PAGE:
Why this Olympic gold medalist had to lie on his CV to bag interview

Why this Olympic gold medalist had to lie on his CV to bag interview

To be a future Olympic medallist, you need to have some incredible skills – discipline, determination, dedication – and you might think that these translate well into the world of work.

However, Dylan Alcott, who won gold at the Beijing and Rio Paralympics in two different sports, found that employers were quick to overlook his sporting prowess and focus on something else when he was looking for a job growing up.

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Comments (1)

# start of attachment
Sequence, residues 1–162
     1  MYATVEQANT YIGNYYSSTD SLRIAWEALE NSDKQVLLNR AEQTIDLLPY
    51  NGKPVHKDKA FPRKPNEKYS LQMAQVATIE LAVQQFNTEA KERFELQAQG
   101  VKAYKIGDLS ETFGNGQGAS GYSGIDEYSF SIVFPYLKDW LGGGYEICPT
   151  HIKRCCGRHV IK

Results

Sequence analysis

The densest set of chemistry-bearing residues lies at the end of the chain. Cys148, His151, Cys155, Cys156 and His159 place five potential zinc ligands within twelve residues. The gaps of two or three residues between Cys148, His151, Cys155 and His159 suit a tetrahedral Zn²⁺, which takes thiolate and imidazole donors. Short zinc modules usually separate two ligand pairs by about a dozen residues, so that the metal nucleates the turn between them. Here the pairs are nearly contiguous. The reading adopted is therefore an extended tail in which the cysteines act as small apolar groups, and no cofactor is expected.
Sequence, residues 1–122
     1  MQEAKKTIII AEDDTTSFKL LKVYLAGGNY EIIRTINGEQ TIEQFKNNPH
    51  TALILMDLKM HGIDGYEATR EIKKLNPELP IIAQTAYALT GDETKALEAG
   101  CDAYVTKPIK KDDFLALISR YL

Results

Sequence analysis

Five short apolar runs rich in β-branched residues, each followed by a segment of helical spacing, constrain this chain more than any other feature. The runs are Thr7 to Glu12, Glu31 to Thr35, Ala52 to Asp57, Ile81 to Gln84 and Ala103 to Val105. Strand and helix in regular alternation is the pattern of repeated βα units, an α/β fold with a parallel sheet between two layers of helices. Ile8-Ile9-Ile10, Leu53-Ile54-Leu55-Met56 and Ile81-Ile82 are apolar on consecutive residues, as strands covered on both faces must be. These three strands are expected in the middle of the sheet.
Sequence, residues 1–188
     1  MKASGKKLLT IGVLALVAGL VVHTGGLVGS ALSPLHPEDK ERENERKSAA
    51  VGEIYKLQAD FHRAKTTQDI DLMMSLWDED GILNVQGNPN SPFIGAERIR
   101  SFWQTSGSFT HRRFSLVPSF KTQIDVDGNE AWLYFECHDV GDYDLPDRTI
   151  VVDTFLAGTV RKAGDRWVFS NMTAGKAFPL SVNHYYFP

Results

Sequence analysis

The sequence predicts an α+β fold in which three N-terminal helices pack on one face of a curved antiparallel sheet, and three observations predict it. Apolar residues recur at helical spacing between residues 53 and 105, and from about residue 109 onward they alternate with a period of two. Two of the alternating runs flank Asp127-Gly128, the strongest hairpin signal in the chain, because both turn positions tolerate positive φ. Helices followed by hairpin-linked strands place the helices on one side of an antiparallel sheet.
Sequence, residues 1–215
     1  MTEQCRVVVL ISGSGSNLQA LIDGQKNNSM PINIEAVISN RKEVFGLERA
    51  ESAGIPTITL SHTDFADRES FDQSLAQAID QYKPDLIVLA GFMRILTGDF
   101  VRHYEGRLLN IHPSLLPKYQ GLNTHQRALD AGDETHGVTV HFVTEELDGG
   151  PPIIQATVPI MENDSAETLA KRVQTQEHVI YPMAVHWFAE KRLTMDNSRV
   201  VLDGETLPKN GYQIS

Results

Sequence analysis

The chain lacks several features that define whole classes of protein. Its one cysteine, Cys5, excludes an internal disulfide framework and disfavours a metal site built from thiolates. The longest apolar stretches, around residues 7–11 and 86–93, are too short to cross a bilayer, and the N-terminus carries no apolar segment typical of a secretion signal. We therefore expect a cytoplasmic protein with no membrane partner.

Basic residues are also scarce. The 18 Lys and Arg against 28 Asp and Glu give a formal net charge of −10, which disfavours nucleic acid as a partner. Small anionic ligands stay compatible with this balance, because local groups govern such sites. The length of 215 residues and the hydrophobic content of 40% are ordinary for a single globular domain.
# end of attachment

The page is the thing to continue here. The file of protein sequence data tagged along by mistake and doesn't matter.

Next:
• Boris
    Tue, 3 Jul 2018 1:49pm BST
    As a wheelchair user myself i have never had to hide my disability on an application form but i do understand the sentiment. Sometimes you feel like you have to work twice as hard to be noticed when you're in a wheelchair, I've always felt that i have to justify why i can do a role even though i have more experience or am overqualified. It also raises the issue, internally, about how accessible a building or campus is. Little things like not have adjustable podiums for presentations, or having to wait for lifts because able bodied people hog them, none of which means i can't do the job but for some employers they simply can't be bothered to put in the reasonable adjustments. It's about time that accessibility laws were enforced across the board, stop making excuses. Disabled people are valuable, it just needs employers to see that.